If you get your own mat, and if turns out to cost more than $20, it might be worth it. “It’s just a mat, what’s the big deal?” You might say. I spend a lot of time on yoga mats, and mats to me is like Bentleys to Bikram Choudhury, so I’ve sampled quite a few of them. I will say that from a safety and injury standpoint (not brand name, status symbol, aesthetic, etc.), be sure to look for a mat that’s sticky enough, and has enough padding, especially if you just started out. Slipping and sliding on your mat distracts you from learning other things.
Okay, I don’t normally endorse anything, but I’m going to break my rule slightly here. Um… okay, maybe not publicly. Email me, and I’ll tell you the pros and cons of the mats I’ve tried, and my favorite (which may or may not be yours).
3. “You’re not ready for this class . . .”
Yoga classes tend to be rated by level of expertise—typically beginner, intermediate, and advanced. But if you say you’re ready for an advanced class, chances are no one at the sign-in desk will question you. It’s not a bad idea to call the studio ahead of time and ask them which class is most appropriate. And be honest about your abilities. After all, you won’t learn much if you’re in over your head and become too discouraged to continue.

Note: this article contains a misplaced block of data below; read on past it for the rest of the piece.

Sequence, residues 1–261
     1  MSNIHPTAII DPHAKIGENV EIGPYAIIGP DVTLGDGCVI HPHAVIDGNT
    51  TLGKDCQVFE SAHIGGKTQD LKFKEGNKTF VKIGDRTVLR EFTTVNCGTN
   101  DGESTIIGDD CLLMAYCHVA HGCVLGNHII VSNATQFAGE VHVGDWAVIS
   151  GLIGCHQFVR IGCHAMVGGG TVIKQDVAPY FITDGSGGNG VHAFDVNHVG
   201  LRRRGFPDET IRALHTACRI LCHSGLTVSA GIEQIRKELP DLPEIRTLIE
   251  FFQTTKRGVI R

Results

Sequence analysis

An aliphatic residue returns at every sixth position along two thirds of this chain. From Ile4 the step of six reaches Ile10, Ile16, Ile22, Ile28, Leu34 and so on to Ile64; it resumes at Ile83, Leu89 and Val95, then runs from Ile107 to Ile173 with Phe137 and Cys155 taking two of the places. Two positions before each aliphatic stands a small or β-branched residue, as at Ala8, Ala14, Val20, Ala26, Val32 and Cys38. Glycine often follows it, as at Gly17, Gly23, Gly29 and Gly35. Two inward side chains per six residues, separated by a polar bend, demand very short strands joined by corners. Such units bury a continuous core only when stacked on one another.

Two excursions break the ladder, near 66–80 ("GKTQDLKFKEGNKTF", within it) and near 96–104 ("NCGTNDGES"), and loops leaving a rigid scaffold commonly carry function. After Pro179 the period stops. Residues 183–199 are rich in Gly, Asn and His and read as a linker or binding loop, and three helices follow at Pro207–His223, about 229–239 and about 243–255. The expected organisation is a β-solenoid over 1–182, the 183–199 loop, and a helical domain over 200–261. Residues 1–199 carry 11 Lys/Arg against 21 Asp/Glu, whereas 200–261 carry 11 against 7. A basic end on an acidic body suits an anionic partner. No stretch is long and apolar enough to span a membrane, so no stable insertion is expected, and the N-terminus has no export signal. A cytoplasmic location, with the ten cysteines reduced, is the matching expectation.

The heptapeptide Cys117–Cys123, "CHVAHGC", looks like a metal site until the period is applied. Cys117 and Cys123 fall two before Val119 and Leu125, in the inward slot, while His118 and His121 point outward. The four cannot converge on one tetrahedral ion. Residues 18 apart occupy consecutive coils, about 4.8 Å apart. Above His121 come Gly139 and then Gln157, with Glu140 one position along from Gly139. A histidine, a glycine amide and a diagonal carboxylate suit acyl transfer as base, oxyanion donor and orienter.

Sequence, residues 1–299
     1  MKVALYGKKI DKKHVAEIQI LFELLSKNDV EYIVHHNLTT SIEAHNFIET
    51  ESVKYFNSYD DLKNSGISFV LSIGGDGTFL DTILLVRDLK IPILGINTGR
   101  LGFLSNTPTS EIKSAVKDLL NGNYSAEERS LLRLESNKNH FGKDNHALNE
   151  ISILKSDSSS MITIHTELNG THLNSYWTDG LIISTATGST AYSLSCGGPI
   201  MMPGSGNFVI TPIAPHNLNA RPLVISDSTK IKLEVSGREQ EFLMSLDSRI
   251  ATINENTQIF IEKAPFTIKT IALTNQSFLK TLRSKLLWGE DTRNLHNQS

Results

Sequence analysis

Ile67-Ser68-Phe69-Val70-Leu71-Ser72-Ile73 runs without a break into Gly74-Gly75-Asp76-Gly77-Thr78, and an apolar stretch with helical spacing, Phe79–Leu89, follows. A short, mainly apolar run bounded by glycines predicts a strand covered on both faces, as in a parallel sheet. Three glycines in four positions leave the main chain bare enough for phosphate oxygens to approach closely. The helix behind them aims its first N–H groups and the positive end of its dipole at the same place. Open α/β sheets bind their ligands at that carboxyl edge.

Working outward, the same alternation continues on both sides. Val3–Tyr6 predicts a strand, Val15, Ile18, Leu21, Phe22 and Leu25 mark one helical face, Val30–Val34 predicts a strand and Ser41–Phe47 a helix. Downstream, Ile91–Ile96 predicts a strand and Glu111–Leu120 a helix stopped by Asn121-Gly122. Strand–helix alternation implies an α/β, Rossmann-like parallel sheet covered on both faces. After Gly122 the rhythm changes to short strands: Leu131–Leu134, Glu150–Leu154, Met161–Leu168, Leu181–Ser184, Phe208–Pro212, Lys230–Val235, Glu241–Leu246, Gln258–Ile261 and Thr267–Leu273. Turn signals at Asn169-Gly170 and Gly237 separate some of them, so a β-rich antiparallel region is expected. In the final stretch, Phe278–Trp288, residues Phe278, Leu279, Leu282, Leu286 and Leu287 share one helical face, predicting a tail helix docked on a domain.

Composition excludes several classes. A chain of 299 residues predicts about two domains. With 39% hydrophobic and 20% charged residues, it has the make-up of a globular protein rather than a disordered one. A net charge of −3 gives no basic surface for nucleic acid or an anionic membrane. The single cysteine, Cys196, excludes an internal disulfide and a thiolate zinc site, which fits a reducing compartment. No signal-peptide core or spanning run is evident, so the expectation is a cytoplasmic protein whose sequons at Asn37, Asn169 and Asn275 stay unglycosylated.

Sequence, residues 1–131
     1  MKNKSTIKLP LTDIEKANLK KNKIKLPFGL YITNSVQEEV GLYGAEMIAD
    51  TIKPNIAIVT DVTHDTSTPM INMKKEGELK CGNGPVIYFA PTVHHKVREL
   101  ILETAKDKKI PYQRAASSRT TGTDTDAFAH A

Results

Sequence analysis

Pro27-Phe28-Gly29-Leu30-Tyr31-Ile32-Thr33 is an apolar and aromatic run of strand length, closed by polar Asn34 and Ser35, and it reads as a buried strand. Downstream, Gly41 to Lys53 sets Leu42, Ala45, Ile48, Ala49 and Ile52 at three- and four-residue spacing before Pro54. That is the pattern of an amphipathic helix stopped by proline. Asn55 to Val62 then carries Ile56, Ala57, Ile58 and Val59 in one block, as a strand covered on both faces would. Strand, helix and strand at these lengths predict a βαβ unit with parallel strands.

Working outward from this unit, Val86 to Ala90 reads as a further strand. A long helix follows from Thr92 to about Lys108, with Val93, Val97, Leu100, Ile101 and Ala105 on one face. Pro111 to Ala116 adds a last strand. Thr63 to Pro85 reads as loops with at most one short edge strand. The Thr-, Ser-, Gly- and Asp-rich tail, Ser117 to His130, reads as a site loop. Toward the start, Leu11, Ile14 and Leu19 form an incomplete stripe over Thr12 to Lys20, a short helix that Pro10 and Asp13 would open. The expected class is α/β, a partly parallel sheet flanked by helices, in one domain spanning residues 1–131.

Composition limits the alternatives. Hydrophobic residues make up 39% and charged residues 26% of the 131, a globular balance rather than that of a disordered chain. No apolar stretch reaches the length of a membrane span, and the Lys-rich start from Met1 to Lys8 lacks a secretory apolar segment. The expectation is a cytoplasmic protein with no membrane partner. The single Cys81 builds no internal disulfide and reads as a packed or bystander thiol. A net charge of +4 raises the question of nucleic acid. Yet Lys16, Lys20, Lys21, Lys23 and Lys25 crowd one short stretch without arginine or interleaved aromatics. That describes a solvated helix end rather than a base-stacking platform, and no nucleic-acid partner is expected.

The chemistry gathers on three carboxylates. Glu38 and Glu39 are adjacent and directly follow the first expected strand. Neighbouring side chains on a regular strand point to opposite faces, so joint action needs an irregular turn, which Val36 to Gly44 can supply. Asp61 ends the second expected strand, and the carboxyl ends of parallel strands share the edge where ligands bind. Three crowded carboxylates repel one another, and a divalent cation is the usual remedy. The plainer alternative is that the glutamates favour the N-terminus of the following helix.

Once during a training, Judith Lasater asked, “Do you guys want to know a secret to getting your students to try something?” Our ears perked up with anticipation, as she mischievously smiled, “Tell them this is the advanced version.” We broke out in chuckles, realizing a certain truth in her joke.
For a very long time, I had it in my head that I was much more “advanced” than I really was. I came to a level 2-3 Iyengar intensive thinking I was more 3 than 2, and after one month, realized that I was more like 0. I wasn’t necessarily overconfident or full of myself. I had made the classic mistake of equating time = experience. I had spent soo much time doing yoga, what reason was there to think that I was a beginner? The thing is, I was in classes where there was little time alloted for instruction and correction. I was mostly going from one pose to the next, without really thinking about where I was going.